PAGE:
A soldier screamed out that a white mob was approaching. The soldiers were confronted by armed white citizens and police. Capt. Joseph Mattes, a white member of the Illinois Guard, was accidentally killed after the mob thought he was a police officer. The company’s leader, First Sergeant Vida Henry, 41, was so distraught with the death of Mattes that he took his own life. When the chaos had died down, 15 whites including four police officers and four blacks were dead.

A death notice showed a photo of Mattes, a 42-year-old, Chicago resident, with the caption “slain by negroes.”

Henry’s death notice said he was a career soldier who enlisted when he was just 17 years old. Henry was living in Green, Kent., with his grandfather and older brother.

After the riot was quelled, martial law was implemented and on Sept. 25, the battalion was redeployed to New Mexico.

The court martialed soldiers were all represented by Maj. Harry S. Grier, who taught law at the U.S. Military Academy but was not a lawyer and had no trial experience. The prosecution was represented by a team of experienced trial lawyers who had more than a month to prepare their case.

No white Houstonian was ever prosecuted for the events.

President Woodrow Wilson, an openly racist defender of white supremacy, publicly upheld the mass lynching, Wilson mourned the deaths of white “innocent bystanders,” “peaceable disposed citizens of the City of Houston.”

Wilson claimed that the soldiers’ three trials were “properly constituted,” that “extraordinary precautions” had been taken to “insure the fairness of the trials,” and that the rights of the defendants had been “surrounded at every point” by the “safeguards” of “a humane administration of the law.”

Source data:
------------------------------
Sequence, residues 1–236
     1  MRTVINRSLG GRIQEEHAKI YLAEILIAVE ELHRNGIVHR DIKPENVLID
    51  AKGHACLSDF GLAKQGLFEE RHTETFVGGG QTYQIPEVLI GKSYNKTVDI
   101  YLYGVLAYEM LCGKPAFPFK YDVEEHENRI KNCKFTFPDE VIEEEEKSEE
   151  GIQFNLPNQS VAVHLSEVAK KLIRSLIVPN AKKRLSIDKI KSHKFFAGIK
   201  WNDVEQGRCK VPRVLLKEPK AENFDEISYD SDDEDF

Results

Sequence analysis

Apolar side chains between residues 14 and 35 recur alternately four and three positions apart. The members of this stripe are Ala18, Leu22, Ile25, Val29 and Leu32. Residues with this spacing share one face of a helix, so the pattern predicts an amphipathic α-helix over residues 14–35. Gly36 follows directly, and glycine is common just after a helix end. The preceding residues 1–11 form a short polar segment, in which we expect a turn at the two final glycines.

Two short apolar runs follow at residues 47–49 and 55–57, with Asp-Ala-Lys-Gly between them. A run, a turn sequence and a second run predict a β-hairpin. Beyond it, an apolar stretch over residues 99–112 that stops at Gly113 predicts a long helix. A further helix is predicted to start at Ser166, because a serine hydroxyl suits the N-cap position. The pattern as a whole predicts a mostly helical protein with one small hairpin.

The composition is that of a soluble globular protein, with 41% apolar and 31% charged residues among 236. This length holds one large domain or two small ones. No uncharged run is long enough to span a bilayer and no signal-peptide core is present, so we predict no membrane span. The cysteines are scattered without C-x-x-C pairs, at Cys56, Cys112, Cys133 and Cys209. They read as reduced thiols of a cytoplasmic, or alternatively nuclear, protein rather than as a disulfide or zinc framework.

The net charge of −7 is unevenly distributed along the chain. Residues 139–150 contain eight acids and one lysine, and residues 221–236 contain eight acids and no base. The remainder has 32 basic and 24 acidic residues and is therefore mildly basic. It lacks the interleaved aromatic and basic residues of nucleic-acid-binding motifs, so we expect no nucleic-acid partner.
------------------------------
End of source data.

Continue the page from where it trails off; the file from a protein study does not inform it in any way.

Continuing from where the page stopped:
In addition to being the scene of the Camp Logan Mutiny, Camp Logan gained further notoriety in 1918 when it was the location of the first widespread local outbreak of the 1918 flu pandemic. By Sept. 24, more than 600 cases had been reported by the Army surgeons at the camp. The medical officers decided to send the sick to homes and hospitals in the community to try to protect those soldiers still healthy at the camp. The result was further deadly spread of the flu.

By Oct. 3, doctors reported 48 soldiers from the camp had died from the flu and it had begun to rapidly spread through the city. By Oct. 9, the newspapers reported 33 flu-related deaths in the city and that the Mayor, District Clerk, and 20 police officers had contracted the virus. Flu cases in the city were soon reported to be in the thousands and steps were being taken to put quarantines in place. Public schools, restaurants, and gatherings were shut down including the Barnum & Bailey Circus and local churches.

The 24th Infantry Regiment was active from 1869 until 1951, and was reactivated in 1995. From its activation until 1898, the 24th Infantry served throughout the Western United States. Its missions included garrisoning frontier posts, fighting Native Americans, protecting roadways against bandits, guarding the border between the United States and Mexico.

Military campaigns included the Indian Wars; Spanish–American War; Philippine–American War; World War II; Korean War; Operation Iraqi Freedom; Operation Enduring Freedom, Afghanistan; Operation Inherent Resolve, Iraq and Syria.



Phil Garber

Journalist for 40 years and now a creative writer